How To Look for Future Employees (Part 2) Uncategorized

They Are Open to Continuous Learning

Capable employees with a “plug-and-play” efficiency display a great affinity for learning. If candidates are willing to adapt and learn more, despite having a background education or experience, it is a sign that they will soon become independent employees who support the rest of the team. Of course, post-employment orientation and training are essential, but if candidates are happy to retrain in order to better fit their role, you can expect quick-learners who will need minimum investment of the company’s time and money in their training.

They’ve Done Their Homework

These candidates will know what your company is all about, and exactly how they fit into it. They might tell you about any suggestions that they have for your marketing strategy or your website, or they will explain how they have chosen their academic courses, internships and activities in a way, so that their skill set is the most appropriate one for you.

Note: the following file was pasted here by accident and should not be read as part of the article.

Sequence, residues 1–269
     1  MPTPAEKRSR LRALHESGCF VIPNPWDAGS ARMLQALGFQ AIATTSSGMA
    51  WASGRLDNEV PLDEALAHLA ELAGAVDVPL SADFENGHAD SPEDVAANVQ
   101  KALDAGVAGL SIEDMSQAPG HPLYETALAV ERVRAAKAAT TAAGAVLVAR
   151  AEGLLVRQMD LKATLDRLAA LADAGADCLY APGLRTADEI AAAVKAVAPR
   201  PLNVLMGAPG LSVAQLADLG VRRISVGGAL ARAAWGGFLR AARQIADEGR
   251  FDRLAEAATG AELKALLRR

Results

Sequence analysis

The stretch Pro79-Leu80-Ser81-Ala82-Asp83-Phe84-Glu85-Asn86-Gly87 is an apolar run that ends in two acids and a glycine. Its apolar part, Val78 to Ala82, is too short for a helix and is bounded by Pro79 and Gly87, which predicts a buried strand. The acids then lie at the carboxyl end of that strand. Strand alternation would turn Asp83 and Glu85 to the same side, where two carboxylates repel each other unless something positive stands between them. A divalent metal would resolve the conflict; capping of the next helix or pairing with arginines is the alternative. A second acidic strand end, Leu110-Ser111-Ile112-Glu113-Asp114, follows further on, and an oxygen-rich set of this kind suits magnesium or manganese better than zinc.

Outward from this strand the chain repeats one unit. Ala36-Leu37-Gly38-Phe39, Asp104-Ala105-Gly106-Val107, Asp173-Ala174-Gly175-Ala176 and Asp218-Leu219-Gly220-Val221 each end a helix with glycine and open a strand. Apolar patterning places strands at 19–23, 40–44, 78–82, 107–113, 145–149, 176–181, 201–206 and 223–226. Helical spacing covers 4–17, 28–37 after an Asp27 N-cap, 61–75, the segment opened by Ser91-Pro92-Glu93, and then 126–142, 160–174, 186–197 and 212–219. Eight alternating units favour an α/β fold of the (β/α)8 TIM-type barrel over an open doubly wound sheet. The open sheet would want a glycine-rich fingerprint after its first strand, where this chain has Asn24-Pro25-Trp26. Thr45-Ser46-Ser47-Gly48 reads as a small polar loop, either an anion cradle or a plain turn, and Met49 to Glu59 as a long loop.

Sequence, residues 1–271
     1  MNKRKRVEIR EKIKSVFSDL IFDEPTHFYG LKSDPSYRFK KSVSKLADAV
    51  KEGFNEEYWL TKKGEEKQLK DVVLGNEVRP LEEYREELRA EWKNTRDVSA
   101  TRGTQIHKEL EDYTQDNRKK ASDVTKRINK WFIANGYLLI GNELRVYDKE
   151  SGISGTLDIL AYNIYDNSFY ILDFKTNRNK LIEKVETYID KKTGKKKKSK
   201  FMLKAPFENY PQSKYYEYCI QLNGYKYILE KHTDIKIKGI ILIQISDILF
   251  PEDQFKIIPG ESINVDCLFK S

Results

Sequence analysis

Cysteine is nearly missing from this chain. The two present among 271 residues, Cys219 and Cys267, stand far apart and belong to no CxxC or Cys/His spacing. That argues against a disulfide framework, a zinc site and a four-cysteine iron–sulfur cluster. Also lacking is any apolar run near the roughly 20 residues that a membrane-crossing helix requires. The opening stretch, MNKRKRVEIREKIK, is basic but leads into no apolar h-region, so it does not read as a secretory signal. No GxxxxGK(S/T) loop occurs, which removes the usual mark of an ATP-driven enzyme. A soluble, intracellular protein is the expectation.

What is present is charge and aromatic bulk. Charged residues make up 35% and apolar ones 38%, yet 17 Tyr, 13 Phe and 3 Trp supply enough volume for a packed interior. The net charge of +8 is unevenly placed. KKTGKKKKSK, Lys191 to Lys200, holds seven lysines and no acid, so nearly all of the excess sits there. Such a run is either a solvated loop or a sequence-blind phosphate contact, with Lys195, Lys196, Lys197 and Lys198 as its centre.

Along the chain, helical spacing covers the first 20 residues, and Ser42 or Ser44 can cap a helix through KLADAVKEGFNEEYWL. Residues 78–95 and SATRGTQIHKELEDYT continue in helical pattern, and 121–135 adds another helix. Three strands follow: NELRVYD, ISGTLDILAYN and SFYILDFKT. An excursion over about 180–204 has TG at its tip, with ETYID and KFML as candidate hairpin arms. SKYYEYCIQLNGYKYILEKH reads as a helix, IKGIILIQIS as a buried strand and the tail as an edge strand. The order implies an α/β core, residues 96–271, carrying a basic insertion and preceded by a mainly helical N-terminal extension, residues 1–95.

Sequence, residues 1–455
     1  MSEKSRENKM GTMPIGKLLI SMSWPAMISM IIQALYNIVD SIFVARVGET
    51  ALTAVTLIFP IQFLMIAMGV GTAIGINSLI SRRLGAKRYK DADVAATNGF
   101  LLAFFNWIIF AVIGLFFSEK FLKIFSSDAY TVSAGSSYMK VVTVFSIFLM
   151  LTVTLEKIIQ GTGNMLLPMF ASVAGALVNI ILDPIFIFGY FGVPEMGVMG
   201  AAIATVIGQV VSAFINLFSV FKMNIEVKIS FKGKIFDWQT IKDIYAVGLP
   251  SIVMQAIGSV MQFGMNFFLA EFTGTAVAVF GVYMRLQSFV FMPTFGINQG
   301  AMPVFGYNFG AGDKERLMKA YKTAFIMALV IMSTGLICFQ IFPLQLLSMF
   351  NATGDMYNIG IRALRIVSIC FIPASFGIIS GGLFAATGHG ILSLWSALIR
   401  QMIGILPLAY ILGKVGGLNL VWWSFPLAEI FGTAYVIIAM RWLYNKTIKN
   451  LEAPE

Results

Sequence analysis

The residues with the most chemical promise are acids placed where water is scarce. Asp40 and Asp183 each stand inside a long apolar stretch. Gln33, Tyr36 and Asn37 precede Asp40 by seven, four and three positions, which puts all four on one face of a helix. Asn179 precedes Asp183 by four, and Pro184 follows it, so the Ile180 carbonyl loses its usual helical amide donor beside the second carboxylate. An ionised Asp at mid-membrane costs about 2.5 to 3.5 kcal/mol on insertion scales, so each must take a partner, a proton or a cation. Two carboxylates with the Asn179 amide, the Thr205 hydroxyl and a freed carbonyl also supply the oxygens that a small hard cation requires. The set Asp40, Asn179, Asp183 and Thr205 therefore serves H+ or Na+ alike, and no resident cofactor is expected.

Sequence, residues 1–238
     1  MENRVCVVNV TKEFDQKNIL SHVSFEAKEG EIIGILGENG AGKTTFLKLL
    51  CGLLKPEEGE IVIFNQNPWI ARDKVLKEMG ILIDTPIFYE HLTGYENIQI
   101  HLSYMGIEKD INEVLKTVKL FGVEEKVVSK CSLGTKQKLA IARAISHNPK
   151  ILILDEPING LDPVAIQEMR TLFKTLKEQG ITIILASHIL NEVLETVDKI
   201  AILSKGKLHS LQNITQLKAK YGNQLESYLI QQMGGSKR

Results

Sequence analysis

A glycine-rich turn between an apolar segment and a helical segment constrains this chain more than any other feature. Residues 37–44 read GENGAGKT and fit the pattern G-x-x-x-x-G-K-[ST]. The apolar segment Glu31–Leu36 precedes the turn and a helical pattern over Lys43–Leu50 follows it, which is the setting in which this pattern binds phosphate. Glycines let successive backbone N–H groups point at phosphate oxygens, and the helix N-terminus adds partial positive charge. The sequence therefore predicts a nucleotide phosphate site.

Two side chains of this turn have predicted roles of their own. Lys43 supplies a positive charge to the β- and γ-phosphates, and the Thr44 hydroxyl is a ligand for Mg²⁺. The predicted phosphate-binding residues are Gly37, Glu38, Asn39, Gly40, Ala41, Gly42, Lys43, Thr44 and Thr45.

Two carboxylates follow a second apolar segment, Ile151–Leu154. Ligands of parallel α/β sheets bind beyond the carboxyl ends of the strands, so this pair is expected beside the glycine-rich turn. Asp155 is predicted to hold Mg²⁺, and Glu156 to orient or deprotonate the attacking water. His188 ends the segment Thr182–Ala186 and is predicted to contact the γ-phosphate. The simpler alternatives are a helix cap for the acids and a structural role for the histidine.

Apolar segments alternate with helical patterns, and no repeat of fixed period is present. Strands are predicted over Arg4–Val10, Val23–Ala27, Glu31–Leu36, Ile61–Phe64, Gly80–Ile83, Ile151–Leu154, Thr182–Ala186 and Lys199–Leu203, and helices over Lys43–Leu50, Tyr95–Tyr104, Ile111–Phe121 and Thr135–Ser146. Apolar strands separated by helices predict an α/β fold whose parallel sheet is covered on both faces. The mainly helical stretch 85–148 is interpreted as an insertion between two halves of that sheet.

Integrity

Nothing beats an honest, fearless and virtuous candidate. Applicants may be smart, talented and work long hours, but if they have even the smallest propensity for unscrupulous activity, then you will want to know about it before it results in an embarrassing and costly incident for the company. Look for signs that can indicate if the candidate is okay with misdemeanors that are often taken for granted, like bribes and internet piracy. If they’re content with stealing from others, what’s there to stop them from doing it to a big company such as yours?

 

They Value Their Job

They need a job, but not necessarily yours. Candidates who will leave as soon as they get a better offer can leave companies hanging, especially smaller ones. You need employees who are willing to stay in spite of initial hesitation and knowledge of more lucrative positions. If candidates demonstrate that the job means a lot to them (such as walking to the office in case the car breaks down), you can count on them to stay long-term.

How To Look for Future Employees (Part 2)
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